Online Abuse, Death Threats For Nigerian Players After AFCON Exit | Soccer News

Yaounde, Cameroon – Nigeria’s elimination from the Africa Cup of Nations (AFCON) in the round of 16 at the hands of Tunisia was a deep disappointment for the team’s supporters.

The Super Eagles were not only the favorites to win the tie, but also to go all the way to the final, where the prospect of an all-time grudge match against hosts Cameroon was in sight.

The basis of this confidence was a flawless group stage campaign – Augustine Eguavoen’s side had taken the maximum possible nine points and averaged two goals per game.

But Nigeria’s 1-0 defeat at 10 marked the team’s first failure to reach the last eight of the AFCON since 1984.

As expected, the reaction was heated. In particular, two people have been singled out for significant abuse, much of it hateful.

After appearing to be cheated by Round of 16 winner Youssef Msakni low, goalkeeper Maduka Okoye has been harassed by Nigerian fans on social media with comments ranging from trolling over his appearance to death wishes on him and his relatives.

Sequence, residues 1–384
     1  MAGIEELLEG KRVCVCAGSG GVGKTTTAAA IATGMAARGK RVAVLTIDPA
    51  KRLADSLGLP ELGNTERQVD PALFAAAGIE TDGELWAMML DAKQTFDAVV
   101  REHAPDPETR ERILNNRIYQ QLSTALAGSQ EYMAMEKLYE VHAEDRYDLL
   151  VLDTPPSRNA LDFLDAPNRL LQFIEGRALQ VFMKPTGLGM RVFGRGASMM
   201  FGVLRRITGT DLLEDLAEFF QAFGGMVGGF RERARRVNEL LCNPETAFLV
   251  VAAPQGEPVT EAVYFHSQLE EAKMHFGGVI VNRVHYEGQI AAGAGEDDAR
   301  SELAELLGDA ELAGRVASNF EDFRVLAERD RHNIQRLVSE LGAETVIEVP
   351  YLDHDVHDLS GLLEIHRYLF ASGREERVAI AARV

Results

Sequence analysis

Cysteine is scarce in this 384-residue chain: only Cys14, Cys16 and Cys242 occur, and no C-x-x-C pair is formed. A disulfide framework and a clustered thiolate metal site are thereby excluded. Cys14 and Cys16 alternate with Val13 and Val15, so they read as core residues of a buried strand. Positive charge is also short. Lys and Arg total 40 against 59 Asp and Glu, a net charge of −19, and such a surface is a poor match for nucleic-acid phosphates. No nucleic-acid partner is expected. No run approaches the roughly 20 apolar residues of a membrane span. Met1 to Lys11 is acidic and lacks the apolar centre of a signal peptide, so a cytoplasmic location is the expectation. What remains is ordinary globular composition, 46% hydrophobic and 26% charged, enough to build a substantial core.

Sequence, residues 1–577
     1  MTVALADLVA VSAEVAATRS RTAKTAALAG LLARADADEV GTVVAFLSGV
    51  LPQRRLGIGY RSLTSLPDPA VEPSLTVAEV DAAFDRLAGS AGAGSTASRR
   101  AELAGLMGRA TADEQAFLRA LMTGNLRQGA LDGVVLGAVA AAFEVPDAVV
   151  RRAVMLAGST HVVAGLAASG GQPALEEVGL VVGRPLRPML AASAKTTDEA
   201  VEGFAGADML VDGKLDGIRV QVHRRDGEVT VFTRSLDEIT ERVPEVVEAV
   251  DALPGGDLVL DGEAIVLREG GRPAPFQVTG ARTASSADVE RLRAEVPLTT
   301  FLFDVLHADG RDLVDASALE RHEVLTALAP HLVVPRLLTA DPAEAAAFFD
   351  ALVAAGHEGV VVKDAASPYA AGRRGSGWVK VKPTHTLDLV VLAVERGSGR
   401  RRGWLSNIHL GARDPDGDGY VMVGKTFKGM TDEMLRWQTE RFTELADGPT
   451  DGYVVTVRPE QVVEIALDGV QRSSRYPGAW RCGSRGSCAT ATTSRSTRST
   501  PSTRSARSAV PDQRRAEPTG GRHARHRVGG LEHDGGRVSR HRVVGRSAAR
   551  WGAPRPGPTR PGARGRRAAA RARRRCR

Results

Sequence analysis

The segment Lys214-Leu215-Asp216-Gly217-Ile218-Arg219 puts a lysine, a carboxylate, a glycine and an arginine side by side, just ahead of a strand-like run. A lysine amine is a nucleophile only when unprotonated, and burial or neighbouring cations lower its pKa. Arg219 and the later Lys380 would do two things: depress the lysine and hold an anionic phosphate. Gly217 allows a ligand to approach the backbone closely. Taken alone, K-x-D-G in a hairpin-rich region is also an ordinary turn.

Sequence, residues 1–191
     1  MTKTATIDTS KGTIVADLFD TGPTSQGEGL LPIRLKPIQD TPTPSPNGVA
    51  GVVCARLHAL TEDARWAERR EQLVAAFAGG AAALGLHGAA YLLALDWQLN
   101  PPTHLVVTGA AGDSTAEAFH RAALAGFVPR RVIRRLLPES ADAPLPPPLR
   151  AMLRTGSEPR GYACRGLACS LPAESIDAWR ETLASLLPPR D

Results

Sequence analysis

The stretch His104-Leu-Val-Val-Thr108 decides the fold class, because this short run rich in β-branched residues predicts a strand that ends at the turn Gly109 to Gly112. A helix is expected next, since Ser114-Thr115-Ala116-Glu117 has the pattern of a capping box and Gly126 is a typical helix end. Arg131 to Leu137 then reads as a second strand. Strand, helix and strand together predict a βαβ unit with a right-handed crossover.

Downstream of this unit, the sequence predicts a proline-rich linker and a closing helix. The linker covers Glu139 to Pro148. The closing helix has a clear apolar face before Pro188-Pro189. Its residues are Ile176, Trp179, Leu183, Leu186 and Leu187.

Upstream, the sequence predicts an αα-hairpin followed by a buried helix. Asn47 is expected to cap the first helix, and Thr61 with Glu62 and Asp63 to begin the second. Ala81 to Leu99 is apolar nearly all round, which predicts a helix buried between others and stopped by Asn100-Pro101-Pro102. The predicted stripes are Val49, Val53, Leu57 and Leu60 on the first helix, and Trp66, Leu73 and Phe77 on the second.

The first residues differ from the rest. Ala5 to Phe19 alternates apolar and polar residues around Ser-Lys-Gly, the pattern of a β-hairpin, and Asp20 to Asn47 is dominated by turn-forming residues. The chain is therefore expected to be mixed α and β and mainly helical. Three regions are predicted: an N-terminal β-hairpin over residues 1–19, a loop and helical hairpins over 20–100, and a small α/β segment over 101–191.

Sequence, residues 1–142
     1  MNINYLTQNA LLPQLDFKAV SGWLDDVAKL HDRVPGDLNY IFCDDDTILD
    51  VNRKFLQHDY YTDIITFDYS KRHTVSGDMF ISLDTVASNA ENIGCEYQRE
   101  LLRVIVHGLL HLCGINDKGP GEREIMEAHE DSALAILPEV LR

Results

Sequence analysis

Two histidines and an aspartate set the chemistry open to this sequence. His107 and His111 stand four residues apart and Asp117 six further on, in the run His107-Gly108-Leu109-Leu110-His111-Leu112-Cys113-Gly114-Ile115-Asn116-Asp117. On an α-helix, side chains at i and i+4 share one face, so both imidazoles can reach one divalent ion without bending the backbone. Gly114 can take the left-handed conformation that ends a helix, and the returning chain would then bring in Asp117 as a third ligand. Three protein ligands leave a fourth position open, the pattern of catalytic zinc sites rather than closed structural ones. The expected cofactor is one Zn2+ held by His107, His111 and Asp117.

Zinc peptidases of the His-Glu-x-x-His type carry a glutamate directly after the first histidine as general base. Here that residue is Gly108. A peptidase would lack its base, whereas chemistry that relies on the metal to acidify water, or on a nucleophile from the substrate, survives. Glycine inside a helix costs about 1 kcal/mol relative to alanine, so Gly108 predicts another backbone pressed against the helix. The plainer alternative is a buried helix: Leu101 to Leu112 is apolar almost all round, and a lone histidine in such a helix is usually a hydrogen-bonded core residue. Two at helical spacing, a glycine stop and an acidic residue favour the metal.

A comment said he would die in a plane crash within a month; another issued a veiled threat if Okoye ever returned to Nigeria.

A user called for divine retribution against the goalkeeper’s family and accused him of match-fixing.

Okoye had no choice but to disable comments on Instagram posts.

Nigerian players react after defeat to Tunisia [Daniel Beloumou Olomo/AFP]